34 Lyncombe Hill, Lyncombe, Bath
34 Lyncombe Hill forms part of a Grade II early 19th century residential terrace situated within the Bath conservation area and World Heritage Site. The terrace sits on the western slope above Lyncombe Hill with views across the valley to the Widcombe area. It is situated below the eastern boundary of Alexandra Park and therefore has some limited public visibility of the terrace’s rear elevation.
Dormers of a contemporary design are present at 36 Lyncombe Hill. However, these were consented in 1969 prior to the terrace’s listing in 1972. In prominent views, particularly of the principal elevation, the dormer scale and design is at odds with the fine sash window fenestration across the terrace and the typical two-over-two sash dormer window design present at 32, 40, and 42 Lyncombe Hill, and therefore should not be considered an appropriate design precedent.
We have some concerns regarding the use of an overtly contemporary dormer design where the terrace remains largely traditional in its use of fenestrated dormers, even in 21st century examples (see 44 Lyncombe Hill consent 01/01031/LBA). We maintain that part of the terrace’s special architectural interest is in its homogeneity of appearance and balanced layout. Whilst Bath’s backland character can offer opportunities for more diverse architectural additions, Lyncombe Hill’s west elevation, whilst less formal, retains its aesthetic uniformity. We therefore recommend that a more traditional dormer design is selected better accord with appearance of a Grade II terrace rather than further unbalancing its uniformity with detriment to its special architectural or historic interest.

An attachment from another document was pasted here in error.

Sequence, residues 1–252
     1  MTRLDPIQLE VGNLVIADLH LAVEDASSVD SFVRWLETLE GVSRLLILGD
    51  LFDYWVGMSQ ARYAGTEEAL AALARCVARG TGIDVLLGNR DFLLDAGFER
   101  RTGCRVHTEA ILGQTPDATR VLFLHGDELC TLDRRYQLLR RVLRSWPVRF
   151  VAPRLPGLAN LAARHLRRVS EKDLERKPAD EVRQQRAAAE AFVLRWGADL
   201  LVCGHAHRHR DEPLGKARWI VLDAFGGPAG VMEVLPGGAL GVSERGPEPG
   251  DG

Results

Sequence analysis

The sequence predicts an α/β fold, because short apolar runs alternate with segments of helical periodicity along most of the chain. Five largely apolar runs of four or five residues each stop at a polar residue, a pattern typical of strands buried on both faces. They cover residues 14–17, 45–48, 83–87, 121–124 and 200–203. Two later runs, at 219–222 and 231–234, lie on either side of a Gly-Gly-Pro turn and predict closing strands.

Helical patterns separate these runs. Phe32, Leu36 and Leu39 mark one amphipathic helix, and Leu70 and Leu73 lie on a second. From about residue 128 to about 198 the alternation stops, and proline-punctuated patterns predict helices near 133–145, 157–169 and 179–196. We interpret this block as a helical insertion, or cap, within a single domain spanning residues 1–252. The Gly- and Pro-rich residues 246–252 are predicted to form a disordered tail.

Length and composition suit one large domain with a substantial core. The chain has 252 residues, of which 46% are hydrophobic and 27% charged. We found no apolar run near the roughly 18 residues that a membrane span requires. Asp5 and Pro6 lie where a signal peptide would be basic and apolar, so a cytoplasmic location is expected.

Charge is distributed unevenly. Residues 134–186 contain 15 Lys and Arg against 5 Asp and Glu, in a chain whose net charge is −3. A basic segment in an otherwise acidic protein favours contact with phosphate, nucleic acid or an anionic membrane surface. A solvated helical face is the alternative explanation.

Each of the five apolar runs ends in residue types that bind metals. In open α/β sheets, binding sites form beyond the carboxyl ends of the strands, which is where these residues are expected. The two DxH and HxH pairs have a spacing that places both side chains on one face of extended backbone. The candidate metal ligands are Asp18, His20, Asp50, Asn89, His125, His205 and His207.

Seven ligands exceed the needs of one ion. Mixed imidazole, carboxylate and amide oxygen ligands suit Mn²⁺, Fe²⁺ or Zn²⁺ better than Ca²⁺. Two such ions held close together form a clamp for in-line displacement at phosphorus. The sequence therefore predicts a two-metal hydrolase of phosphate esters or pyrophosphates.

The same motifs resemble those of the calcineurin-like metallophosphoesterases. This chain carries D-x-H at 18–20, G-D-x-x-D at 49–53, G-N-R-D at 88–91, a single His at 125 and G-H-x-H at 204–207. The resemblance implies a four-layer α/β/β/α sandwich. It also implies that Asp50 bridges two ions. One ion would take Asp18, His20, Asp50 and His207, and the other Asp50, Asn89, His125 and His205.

Furthermore, the roof plan appears to indicate that both the proposed dormer and rooflight would wrap around the north and south chimney stacks, although this is not further elaborated in either the D&A Statement or Heritage Statement. The chimney stacks are identified to be of high significance within the Heritage Statement. We therefore suggest further information is included, particularly as to how the dormer would interact with the chimney stack and whether this necessitates any form of material attachment. We suggest that the dormer could be moved slightly to the north to avoid ‘crashing’ into the side of the chimney stack and avoid any potential material conflicts with a feature of historic interest.